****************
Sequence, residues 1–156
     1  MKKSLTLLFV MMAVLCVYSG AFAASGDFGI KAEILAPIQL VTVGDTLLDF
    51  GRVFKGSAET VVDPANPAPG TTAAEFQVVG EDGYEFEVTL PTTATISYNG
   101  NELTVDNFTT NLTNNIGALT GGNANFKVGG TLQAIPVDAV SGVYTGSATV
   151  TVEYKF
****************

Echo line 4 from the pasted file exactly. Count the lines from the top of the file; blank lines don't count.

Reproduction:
   101  NELTVDNFTT NLTNNIGALT GGNANFKVGG TLQAIPVDAV SGVYTGSATV